- CAIT Main
- Infrastructure Areas
- Program Sites
- ANDERS - Automated Nondestructive Evaluation and Rehabilitation System
- BEAST - Bridge Evaluation and Accelerated Structural Testing
- CAES - Center for Advanced Energy Systems
- FMP - Freight and Maritime Program
- ICMP - Infrastructure Condition Monitoring Program
- IMG - Information Management Group
- LESS - Laboratory for Energy Smart Systems
- LPS - Laboratory for Port Security
- LTBP - Long-Term Bridge Performance Program
- NJ LTAP - NJ Local Technical Assistance Program
- PRP - Pavement Resource Program
- PSSP - Pipeline Safety and Security Program
- SAM - Structures and Advanced Materials
- SSML - Soil and Sediment Management Laboratory
- TSRC - Transportation Safety Resource Center
- TTG - Technology Transfer Group
NJ LTAP In Depth
NJ LTAP operates under the guidance of a strategic plan and an annual work plan, designed to support technical assistance and training needs of local agencies.
The national focus areas for LTAP/TTAP centers are safety, workforce development, and infrastructure management. In support of these, all centers share the common goal of bringing transportation technology, services, products, and educational resources to the local level.
NJ LTAP operates under a Strategic Plan [PDF] and an annual work plan, which provide a “roadmap” for providing its service goals. The center is a member of the National Local Technical Assistance Program Association, a not-for-profit organization representing and serving the 58 LTAP and TTAP member-centers in the United States and Puerto Rico. NJ LTAP supports the technology transfer initiatives of the Center for Advanced Infrastructure and Transportation through collaborative educational efforts with research faculty and staff.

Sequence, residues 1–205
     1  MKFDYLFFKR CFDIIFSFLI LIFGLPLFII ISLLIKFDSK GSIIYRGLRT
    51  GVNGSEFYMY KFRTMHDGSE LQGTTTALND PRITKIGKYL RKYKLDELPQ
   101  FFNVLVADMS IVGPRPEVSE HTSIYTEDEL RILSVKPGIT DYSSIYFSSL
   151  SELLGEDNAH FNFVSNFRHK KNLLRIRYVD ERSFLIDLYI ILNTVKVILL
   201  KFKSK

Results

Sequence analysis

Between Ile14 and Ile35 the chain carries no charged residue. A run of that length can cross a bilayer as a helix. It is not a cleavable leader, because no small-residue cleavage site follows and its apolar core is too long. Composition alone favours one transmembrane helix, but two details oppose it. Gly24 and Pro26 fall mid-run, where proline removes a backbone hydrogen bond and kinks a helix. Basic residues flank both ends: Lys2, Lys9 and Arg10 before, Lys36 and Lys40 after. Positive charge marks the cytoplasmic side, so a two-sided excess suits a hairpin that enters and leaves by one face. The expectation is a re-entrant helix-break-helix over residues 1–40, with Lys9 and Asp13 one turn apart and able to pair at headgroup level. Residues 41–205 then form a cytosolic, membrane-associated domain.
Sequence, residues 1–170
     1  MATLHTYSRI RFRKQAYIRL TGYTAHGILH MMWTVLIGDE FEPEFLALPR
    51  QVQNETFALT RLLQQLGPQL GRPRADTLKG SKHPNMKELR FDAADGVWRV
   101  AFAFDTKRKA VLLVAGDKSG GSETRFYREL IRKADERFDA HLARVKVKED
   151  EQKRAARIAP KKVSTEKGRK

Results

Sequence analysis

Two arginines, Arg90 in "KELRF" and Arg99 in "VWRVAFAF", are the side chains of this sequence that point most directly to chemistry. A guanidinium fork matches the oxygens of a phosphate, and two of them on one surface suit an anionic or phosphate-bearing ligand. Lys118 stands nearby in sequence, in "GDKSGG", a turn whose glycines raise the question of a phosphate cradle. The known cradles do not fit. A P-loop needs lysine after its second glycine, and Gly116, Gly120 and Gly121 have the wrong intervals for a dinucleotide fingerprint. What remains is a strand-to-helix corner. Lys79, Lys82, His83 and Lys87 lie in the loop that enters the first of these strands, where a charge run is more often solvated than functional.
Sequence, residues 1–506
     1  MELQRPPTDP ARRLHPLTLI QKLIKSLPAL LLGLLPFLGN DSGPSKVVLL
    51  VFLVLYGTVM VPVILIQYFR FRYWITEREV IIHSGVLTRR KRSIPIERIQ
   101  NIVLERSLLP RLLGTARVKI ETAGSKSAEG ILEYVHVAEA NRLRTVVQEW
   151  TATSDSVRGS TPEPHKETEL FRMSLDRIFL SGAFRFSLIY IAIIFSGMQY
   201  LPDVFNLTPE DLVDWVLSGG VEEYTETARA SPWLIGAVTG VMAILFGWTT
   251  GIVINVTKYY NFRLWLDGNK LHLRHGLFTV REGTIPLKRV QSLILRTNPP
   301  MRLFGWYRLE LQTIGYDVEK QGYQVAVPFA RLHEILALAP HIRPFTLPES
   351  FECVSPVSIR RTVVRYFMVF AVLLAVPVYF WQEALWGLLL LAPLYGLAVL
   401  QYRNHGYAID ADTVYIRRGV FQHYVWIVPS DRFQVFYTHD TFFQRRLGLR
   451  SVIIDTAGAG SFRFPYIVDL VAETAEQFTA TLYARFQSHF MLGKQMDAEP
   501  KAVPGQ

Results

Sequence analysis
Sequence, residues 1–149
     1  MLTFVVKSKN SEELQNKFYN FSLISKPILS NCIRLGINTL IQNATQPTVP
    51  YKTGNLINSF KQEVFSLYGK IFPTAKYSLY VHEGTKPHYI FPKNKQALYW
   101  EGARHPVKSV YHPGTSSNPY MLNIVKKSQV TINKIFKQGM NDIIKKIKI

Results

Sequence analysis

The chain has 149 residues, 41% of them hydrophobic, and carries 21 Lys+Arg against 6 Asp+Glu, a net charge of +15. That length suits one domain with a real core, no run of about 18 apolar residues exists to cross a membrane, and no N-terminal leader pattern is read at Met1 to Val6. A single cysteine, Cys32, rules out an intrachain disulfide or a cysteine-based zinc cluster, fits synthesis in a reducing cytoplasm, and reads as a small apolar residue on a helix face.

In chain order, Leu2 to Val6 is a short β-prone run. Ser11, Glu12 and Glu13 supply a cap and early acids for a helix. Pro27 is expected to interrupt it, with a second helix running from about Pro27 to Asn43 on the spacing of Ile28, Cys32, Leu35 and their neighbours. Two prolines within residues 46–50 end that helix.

The broader Local Technical Assistance Program (LTAP) was created in 1982 by the Federal Highway Administration (FHWA) to address a significant need for technical assistance to the 38,000 local communities across the United States. LTAP incorporates a hands-on method of moving innovative transportation technologies from research institutions into the field where local streets and roads are maintained. These technology transfer (T2) centers provide low-cost or free training; publish newsletters; circulate publications, videotapes, and software; and offer technical assistance to local roadway and transportation personnel.
Currently, the National LTAP Network consists of 58 LTAP centers that include a program in every state, seven Tribal Transportation Assistance Programs (TTAP), and one center located in Puerto Rico. The purpose of the National Local Technical Assistance Program Association (NLTAPA), which collectively represents the LTAP centers, is to serve as a mechanism to facilitate communication and coordination among members and other government, academic, and private institutions and associations. The overall goal is to provide local government agencies with improved access to transportation technology that will help them meet the demands placed on local roads, bridges, and public transportation.
In New Jersey, the LTAP program began in 1986. The program is currently sponsored by the Federal Highway Administration (FHWA) in conjunction with the New Jersey Department of Transportation (NJDOT) and the Center for Advanced Infrastructure and Transportation (CAIT) at Rutgers, the State University of New Jersey. CAIT is a federally sponsored University Transportation Center (UTC).